A new report from Halifax shows the extent of the deep divide in property prices between the north and the south of the UK.
The total value of all private homes in London has been calculated by the mortgage lenders at £1.13 trillion, while the combined value of properties in Wales, Scotland and Northern Ireland is just over half of that in the capital, at £582 billion.
London ‘s property now has the same value as all of the property in the north-east and north-west of England, as counties Yorkshire and Humberside, and the whole of Scotland, put together.
Even when calculated with mortgages in mind, and despite the fact that, in general, mortgage values were higher in the south, London came out on top. Net equity in the average London household is currently at £306,000, according to the study. This is rather significantly higher than the £84,000 in Northern Ireland, and £94,000 in England ‘s north-east.
The report showed that the total value of all private housing in the UK has breached £5 trillion, up rather significantly from £3.3 trillion ten years ago. This amounts to an increase or some £76,000 per UK household ñ though this figure as a raw average is somewhat misleading given how much of the increase in value has landed in the pockets of private landlords rather than conventional homeowners. This is important as the recent surge in buy-let mortgages that we have seen has pushed down the owner-occupation rate in the UK from 70% in 2005 to under 65% today.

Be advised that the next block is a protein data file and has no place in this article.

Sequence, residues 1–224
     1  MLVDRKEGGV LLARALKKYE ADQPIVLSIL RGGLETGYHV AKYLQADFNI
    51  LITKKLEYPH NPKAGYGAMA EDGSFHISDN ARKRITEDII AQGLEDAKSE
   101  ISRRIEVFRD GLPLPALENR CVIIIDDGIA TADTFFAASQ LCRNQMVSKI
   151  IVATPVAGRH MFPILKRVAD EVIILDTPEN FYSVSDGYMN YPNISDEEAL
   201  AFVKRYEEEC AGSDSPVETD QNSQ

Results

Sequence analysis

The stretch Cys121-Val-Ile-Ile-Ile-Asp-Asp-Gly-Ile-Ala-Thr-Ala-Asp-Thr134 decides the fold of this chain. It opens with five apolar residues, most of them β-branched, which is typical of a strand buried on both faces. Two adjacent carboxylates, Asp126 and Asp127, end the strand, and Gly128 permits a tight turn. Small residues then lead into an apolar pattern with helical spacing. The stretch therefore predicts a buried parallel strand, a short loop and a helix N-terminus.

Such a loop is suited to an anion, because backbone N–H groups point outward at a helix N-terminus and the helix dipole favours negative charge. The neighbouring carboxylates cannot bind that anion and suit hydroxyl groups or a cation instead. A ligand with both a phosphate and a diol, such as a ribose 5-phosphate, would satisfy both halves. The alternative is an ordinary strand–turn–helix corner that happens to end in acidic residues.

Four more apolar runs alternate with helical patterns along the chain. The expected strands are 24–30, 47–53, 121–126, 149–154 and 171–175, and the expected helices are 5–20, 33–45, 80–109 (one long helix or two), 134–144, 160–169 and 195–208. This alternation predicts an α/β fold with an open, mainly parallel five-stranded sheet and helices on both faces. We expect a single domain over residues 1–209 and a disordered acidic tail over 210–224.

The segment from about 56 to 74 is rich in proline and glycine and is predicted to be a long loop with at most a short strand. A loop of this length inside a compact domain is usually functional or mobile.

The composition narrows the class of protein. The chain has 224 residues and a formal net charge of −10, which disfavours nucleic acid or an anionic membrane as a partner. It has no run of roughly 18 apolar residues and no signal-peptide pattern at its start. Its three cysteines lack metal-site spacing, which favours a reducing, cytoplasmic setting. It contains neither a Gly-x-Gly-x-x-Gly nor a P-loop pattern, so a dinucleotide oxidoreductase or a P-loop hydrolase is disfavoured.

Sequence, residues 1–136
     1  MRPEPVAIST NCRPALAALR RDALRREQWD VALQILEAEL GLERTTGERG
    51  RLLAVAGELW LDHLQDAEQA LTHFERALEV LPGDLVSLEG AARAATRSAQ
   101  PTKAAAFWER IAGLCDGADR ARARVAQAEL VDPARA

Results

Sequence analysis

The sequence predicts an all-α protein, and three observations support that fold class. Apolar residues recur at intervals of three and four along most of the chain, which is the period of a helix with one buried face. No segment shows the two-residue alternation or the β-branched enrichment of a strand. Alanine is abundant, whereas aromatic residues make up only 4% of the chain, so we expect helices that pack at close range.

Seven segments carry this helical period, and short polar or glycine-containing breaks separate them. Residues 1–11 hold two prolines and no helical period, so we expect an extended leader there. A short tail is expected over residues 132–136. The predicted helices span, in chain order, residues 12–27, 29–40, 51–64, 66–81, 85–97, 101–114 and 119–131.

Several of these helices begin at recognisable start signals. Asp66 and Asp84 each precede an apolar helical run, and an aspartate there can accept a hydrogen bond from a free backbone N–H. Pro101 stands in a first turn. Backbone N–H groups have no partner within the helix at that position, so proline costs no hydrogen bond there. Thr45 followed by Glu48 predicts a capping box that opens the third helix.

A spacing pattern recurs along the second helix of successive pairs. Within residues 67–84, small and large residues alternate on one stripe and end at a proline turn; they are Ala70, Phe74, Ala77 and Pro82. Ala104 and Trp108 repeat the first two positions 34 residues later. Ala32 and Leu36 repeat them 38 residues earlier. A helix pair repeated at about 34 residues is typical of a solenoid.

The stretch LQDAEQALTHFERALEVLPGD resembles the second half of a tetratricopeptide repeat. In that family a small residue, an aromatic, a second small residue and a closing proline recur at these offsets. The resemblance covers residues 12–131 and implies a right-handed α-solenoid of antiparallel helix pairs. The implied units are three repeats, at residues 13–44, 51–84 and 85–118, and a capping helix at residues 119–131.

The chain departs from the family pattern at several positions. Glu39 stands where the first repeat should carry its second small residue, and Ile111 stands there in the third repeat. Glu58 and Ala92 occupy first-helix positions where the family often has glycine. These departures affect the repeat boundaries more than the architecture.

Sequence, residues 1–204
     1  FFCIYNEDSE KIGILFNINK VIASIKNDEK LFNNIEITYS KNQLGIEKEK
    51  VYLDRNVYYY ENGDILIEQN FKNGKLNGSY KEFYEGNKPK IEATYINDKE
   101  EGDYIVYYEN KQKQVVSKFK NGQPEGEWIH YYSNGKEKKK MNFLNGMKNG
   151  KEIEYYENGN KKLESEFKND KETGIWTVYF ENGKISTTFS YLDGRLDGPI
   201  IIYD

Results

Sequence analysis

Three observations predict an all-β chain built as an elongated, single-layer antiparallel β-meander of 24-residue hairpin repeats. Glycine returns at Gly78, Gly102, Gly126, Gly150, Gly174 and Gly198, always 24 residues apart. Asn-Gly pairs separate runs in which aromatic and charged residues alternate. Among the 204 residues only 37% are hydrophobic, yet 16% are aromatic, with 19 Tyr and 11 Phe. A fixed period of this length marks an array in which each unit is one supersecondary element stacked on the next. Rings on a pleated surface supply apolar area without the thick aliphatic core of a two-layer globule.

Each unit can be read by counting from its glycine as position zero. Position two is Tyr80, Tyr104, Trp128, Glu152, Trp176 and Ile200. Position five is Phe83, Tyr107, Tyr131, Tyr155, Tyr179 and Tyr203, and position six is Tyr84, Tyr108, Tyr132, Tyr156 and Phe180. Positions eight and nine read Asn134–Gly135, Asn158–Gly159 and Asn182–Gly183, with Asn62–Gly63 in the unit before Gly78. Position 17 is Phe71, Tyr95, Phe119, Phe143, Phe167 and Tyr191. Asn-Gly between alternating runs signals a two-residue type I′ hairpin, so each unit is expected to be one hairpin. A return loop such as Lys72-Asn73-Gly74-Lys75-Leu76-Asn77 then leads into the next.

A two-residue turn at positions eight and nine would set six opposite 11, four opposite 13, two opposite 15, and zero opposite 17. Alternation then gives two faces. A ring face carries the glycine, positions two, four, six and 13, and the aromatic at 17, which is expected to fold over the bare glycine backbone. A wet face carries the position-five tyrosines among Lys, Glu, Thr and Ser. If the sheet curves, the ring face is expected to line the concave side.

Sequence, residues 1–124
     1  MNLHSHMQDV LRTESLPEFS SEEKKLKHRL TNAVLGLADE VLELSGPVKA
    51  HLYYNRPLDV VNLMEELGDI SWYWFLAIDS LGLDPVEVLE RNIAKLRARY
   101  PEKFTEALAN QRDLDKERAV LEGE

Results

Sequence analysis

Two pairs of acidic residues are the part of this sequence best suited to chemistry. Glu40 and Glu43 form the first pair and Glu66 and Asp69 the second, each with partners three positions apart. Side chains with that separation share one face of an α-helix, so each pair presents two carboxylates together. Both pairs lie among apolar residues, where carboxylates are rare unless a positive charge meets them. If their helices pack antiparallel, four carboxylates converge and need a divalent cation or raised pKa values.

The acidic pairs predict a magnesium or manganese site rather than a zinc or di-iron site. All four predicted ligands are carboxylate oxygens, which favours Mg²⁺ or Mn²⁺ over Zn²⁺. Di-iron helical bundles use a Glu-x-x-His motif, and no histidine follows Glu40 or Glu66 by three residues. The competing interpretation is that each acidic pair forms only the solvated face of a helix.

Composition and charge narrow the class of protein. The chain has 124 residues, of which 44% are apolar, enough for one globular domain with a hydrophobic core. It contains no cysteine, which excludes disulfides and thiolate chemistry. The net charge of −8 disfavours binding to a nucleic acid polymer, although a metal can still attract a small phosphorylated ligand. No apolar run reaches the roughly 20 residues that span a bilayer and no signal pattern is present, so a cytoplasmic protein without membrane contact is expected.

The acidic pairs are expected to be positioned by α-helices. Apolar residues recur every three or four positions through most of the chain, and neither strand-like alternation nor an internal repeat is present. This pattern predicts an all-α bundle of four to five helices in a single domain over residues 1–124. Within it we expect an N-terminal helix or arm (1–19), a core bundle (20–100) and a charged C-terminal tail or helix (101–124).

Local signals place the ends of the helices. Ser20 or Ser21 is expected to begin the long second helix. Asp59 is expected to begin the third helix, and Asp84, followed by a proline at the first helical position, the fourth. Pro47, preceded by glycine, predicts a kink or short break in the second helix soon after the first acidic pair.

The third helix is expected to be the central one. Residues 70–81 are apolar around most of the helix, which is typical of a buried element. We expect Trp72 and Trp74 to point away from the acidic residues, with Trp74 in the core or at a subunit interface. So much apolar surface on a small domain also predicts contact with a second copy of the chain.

What the report also showed is how far house price growth, at 53%, has outstripped CPI inflation, at 35%. Mark Carney was forced to explain to the chancellor in writing last week why inflation has been as low as it is (currently estimated at 0.1% rather than the government ‘s target of 2%).
Further demonstrating the north-south divide, in that same ten year period between 2005 and 2015, property prices in the south of the UK have gone up by 66%, while in the north the increase is just over half of that, at 36%.
The fact that the south now accounts for 61% of the UK ‘s total property assets value, having gone up from 56% back in 2005, serves as arguably the final nail in the coffin in terms of making clear the fact that the divide between the two ends of our country in this respect is growing.
When the ONS reported that 44% of people in the UK believed that property would be where they would make their money in the coming years, it seems that they must have been asking Londoners.